Branched Chain Amino Acids (BCAA)
Of course you’ve heard of them…they are probably already a staple in your “supplement shopping list”. Touted to reduce muscle soreness, improve fat burning and reduce the breakdown of muscle cells, BCAAs sure seems to be the king of supplements! All the right buzzwords there, all the benefits one wants in his pursuit of fitness. Lesser known however are the not-too-brilliant effects of BCAAs. High intake of BCAA has been shown to deplete Vitamin B levels, which can be rather bad for someone with an underlying genetic risk for Vitamin B6 deficiency (Vitamin B6 is actually imperative for breaking down BCAAs). Some people also take BCAAs as an essential supplement in aiding a “healthy” caloric deficit diet – restricting carb and protein intake (especially at night). Not necessarily the best bet for individuals with a high genetic predisposition towards reduced satiety levels – since this sets them up for unwarranted, unwanted, unnecessary, untimely snacking. Oops!
Multivitamins have actually transcended the fitness market now. Rapidly becoming a supposed “must-have” part of everyone’s daily diet chart. I mean, grandma takes it, that one cousin takes it, as does mum, dad, dad’s cousin, his wife, their parents, and their neighbors and every other person on the planet. While this sudden spike in interest has greatly benefited the manufacturers and resellers of multivitamins, the scientific community has been a bit confounded. There’s no significant proof that taking multivitamins (or not taking them) impacts one’s well-being in a big way. It’s good to take them, but are they necessary? Again a debate we won’t partake in, but our two cents here?
Of the numerous multivitamins saturating the market out there, which one would best suit YOU? Rather than just taking the first one off the shelf, choose one that has a higher concentration of the vitamin you NEED, rather than a random cocktail. Your genomic risk for vitamin deficiencies is the perfect starting point for discovering just this!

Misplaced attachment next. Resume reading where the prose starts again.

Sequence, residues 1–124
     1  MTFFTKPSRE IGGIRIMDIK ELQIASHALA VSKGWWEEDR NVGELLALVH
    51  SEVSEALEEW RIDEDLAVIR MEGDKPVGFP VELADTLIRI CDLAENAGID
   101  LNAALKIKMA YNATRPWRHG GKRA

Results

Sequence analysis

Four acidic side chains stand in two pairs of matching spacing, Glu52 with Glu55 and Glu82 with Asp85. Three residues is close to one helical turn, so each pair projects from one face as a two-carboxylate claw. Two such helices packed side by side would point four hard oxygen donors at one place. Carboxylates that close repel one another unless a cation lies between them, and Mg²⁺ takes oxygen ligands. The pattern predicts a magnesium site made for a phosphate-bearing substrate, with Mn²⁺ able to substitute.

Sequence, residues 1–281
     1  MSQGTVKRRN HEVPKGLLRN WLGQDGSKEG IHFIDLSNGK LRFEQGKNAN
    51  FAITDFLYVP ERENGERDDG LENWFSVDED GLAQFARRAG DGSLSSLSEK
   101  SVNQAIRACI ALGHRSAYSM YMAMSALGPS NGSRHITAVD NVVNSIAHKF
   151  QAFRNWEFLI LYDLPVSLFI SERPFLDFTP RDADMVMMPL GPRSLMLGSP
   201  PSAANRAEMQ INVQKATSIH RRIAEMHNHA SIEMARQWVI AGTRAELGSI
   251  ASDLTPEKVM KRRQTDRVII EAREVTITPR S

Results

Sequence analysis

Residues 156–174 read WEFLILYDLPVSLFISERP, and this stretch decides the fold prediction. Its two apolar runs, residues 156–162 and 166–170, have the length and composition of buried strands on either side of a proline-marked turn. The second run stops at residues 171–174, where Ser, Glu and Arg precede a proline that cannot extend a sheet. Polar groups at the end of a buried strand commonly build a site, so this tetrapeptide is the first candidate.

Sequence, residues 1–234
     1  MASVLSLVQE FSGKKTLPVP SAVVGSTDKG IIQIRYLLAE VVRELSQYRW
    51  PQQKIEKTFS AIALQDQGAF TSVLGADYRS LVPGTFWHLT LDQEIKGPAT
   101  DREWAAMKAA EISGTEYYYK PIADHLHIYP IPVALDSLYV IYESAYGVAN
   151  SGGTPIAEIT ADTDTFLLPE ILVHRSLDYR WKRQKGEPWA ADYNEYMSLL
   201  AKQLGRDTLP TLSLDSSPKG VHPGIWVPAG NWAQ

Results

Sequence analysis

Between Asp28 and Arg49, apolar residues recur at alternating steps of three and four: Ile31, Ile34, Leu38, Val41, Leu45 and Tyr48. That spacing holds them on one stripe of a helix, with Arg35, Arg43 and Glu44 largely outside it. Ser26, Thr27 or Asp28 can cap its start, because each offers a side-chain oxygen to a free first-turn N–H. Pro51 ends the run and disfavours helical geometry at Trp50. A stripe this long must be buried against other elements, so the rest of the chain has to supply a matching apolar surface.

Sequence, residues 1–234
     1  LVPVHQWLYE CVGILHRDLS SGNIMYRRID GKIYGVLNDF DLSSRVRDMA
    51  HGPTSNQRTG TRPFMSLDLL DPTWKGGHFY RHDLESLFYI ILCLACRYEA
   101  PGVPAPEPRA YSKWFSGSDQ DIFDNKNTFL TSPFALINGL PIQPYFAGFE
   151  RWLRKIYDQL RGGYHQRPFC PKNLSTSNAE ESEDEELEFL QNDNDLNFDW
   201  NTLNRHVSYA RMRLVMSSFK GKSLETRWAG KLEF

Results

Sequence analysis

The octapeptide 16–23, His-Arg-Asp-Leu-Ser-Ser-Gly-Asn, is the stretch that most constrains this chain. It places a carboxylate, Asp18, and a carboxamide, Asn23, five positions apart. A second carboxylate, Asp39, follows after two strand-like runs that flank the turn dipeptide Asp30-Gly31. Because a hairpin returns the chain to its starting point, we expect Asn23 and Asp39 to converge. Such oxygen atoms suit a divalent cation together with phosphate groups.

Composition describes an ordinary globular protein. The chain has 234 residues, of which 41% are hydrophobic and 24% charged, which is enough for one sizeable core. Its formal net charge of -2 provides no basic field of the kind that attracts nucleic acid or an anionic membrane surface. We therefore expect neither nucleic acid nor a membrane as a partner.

Supplements for enhancing recovery
- Antioxidants – eg., astaxanthin
- Omega 3
- Collagen (for exercise-related joint pain)
- ….. And many more
That exercise produces free radicals and the body uses antioxidants to neutralize them, is a well-known fact. However, post-workout antioxidant supplementation may or may not have the benefits you seek. If you are genetically predisposed to having reduced antioxidant levels, you may need to take specific supplements to avoid/recover faster from exercise-induced injury. However, if you have regular antioxidant levels, having healthy meals with generous helpings of antioxidant-rich foods might be all you need to do.
Nitric oxide (NO)
The fuel for that PUMP!! (Every gym-goer knows what we are talking about!). Nitric Oxide supplements are said to increase the amount of Nitric oxide present naturally in the bloodstream, theoretically leading to better muscle pump, better endurance and faster recovery, by promoting vasodilation (increased blood flow). Makes you feel great! But boy oh boy does it come with a whole lot of “warnings”!
Overdose of NO can lead to metabolic disorders such as hyperglycemia or high blood sugar, with the potential to cause problems in individuals with a high genomic risk for diabetes or insulin resistance.
Being a strong vasodilator, NO must be used with extreme caution by persons with a genomic risk for hypertension and cardiovascular disease, or those on medications for the same.
Excess NO can lead to electrolyte imbalances in the body – high levels of creatine, urea, potassium chloride and low phosphate. This is a serious cause of concern for individuals with a increased genomic risk for liver or kidney disorders, since NO can contribute towards the same.
Thinking Supplements? Ah…Think Personal Genomics.